Teen Librarian Toolbox
Inside Teen Librarian Toolbox

Career Conversations – What I learned when my teens wanted to host a program series on careers

Career Conversations posterThis year I undertook a challenge: an ongoing program series designed by my teen board, reliant on the generosity of adults in the surrounding community, not especially fun, on my night off. This became Career Conversations, and we had our fourth and final program last night. Overall, it was a smashing success. Here’s what I’ve learned this year in taking this leap.

High school students just won’t register ahead of time.

Wouldn’t it be great if they did? Wouldn’t it make our lives so much less anxiety ridden? Yeah. It would be so nice. But they just don’t. I think it’s partly because they are so bleeping busy that they genuinely do not know that they’ll have time to attend a non-essential event, and partly because they just don’t think about it the way the parent who registers younger kids and tweens for programs does. They assume that the program will happen with or without them, and that’s the kicker. Last night’s program would have been the fifth of its type, but I panicked and pulled the plug at the last minute when no one had registered. When I told my teen board that it was cancelled, several teens said that they had been planning to come…. but just didn’t register. Every night as my panelists arrived, I had a sinking fear in the pit of my stomach, waiting for teens to trickle in. And they did. Every time. Phew.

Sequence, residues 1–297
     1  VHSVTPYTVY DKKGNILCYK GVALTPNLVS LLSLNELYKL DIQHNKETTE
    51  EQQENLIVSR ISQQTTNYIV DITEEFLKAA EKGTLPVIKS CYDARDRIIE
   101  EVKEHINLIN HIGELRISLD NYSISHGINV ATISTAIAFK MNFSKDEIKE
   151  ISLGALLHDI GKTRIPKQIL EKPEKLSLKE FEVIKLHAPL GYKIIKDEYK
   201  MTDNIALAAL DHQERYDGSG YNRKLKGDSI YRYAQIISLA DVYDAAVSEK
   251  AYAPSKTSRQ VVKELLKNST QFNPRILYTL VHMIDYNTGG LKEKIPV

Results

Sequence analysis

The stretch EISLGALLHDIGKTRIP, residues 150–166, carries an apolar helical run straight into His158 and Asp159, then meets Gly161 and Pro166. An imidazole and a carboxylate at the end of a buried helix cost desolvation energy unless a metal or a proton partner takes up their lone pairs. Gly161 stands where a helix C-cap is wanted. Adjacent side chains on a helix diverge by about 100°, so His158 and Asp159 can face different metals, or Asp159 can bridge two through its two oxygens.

Learning about other people’s jobs is so interesting!

I would run this program every week, just to sit and hear people talk about what they do. This year, we heard from an engineer who worked in health care, a doctor who followed his wife into his career path, someone who worked for a political campaign that changed her life, a stay at home dad who started his own business so he could be his own boss, an author whose passion is helping victims of sexual violence, and an art historian who has unwittingly become an expert in the best – and worst – truck stops in the midwest. “What kind of work do you do?” is a cocktail party question, but beyond hearing “I’m an engineer, a librarian, a stay at home mom, a volunteer…” what do we really learn about people? This panel conversation setup allowed people to really get to the heart of why they love what they do, what brings them satisfaction, and what challenges they face.

Each profession definitely has a different tone